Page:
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Founded the same year as the Jamestown settlement, in 1607, Santa Fe is still a capital city and a vibrant center of art and culture more than 400 years later. From the intricately detailed bronze doors of the Basilica of Saint Frances to the fascinating exhibits in the city’s many museums to the heights of the Sangre de Cristo Mountains, Santa Fe offers an almost limitless range of outdoor pursuits, fascinating history, and inspiring creativity.

An excellent place to begin an exploration of the city is in its historic center. Framed by a lush garden, the lovely Romanesque bell towers of the Basilica recall the city’s Spanish past. Visitors can enter the church for a look around. There’s a small chapel on the northern side dating to the 18th century that is a visitor favorite. If you’re staying at Four Kachinas Inn, take the Old Santa Fe Trail for a light 10-minute walk and you’ll reach the Basilica.

Just a block away from the church is the focal point of the downtown area, historic Santa Fe Plaza. This main square of the city is ringed by the galleries and restaurants for which the city is so famous, but is an attraction in its own right, as it plays host to festivals, art exhibits and impromptu musicians playing Native American flute music. While strolling around the area, visitors can also drop by one of the many museums nearby. The Palace of the Governors, an atmospheric Pueblo-style building dating to the 1600s, houses the New Mexico History Museum, with three floors of exhibits detailing the life of ancient Native Americans and historic artifacts dating right up to the present day. Nearby San Miguel Mission is the United States’ oldest church.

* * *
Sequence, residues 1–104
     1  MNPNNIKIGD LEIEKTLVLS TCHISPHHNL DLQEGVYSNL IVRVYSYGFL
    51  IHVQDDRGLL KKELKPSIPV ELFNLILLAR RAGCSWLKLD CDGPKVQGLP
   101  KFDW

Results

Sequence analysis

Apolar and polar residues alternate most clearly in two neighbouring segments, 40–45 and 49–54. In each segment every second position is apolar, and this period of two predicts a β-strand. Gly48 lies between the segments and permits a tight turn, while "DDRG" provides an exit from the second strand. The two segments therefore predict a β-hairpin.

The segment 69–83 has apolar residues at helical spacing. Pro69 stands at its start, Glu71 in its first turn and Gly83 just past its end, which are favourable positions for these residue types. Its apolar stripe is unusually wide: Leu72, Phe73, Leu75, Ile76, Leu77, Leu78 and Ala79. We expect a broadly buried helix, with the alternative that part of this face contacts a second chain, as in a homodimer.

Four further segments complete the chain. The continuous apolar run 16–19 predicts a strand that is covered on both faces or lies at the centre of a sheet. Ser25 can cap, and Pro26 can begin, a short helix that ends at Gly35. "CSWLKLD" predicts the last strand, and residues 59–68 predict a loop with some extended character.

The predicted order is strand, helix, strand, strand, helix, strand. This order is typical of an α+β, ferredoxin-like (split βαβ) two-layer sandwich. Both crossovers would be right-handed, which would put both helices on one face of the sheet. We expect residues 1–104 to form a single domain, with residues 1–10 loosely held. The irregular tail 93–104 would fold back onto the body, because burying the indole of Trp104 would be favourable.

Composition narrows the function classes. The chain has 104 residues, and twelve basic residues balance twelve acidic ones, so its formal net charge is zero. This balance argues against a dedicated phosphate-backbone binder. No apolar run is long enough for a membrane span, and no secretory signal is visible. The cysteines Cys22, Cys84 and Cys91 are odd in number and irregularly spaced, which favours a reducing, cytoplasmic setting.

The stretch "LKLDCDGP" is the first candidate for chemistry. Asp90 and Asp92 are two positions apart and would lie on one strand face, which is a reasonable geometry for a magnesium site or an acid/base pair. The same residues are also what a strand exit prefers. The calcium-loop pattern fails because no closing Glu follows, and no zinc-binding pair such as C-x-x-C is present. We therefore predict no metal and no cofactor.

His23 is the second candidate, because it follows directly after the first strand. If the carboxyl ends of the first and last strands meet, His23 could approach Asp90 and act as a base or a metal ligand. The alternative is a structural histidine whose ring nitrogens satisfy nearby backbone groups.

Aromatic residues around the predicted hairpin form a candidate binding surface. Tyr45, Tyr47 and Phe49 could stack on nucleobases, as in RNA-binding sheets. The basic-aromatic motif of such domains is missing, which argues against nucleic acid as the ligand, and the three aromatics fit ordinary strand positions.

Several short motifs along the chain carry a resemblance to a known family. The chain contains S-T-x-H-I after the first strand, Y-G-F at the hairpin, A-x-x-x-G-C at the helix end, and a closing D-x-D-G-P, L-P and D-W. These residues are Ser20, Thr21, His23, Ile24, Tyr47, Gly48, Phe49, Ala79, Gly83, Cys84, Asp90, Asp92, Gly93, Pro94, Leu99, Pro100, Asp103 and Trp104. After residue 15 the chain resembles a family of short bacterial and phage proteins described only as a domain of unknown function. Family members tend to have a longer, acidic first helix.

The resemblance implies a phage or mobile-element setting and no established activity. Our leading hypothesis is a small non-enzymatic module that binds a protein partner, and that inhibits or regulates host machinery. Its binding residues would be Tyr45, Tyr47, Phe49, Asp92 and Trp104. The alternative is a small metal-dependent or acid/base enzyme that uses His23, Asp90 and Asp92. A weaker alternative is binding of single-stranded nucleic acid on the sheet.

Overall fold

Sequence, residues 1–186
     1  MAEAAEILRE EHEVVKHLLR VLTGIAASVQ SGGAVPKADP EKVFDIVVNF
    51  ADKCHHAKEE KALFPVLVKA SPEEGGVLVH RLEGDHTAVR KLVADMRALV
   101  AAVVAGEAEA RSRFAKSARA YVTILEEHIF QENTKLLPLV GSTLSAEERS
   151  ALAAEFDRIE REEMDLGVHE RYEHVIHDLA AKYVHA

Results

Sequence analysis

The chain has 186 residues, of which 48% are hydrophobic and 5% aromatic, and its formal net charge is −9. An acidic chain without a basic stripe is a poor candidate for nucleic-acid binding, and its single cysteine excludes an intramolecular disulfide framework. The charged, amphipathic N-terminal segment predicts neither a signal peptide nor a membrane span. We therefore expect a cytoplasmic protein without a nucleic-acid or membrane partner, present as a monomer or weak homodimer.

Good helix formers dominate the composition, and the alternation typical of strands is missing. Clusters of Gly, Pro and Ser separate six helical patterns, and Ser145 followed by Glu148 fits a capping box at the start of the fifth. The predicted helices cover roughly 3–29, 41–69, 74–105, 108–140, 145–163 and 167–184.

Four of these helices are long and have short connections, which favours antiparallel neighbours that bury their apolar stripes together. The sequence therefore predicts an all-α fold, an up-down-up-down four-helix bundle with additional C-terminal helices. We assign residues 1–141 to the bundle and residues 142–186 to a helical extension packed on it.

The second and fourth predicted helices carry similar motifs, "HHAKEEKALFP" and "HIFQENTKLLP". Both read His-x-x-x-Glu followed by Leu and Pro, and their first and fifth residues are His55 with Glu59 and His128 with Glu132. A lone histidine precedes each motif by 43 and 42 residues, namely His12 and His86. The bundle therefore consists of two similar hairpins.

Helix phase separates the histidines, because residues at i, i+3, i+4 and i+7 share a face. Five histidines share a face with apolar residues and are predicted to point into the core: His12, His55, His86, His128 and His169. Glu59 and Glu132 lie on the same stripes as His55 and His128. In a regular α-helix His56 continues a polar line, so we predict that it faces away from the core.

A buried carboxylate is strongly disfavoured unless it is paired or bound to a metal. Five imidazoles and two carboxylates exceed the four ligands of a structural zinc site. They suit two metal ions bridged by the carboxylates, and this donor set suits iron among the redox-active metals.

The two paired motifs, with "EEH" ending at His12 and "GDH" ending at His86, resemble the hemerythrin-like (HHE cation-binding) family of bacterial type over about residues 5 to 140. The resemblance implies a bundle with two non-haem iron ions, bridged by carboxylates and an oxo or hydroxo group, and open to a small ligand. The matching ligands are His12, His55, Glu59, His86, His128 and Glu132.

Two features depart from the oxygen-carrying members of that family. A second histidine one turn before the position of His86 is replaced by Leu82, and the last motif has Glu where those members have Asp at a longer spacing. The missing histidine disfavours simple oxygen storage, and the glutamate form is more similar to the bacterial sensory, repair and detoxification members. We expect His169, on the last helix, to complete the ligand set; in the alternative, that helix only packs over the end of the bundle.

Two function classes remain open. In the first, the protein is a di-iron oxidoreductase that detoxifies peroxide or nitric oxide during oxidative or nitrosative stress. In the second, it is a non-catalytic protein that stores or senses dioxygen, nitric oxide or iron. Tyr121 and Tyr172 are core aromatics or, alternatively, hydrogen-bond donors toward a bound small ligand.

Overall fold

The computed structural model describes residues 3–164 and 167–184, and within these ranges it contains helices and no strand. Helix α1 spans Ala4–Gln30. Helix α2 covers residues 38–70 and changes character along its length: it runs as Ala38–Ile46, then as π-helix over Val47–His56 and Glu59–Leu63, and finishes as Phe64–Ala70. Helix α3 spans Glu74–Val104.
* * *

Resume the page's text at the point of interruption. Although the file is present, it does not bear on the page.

New Mexico’s most famous artist, Georgia O’Keeffe, is known for her distinctive abstract floral paintings, and a museum dedicated to her life’s work is located just outside of the city center. Of particular interest to visitors may be her landscapes of the local area, painted over the decades that she lived on Ghost Ranch in nearby Abiquiu.

For hiking enthusiasts, Atalaya Mountain, part of the Sangre de Cristo range, offers excellent trails spanning anywhere from one to several miles in length. The trailhead for many of these treks is St. John’s College, where visitors can park in the parking lot before embarking on their hike. There are also plenty of horse stables offering trail rides into the high desert surrounding Santa Fe, a wonderful way to take in the area’s natural beauty.

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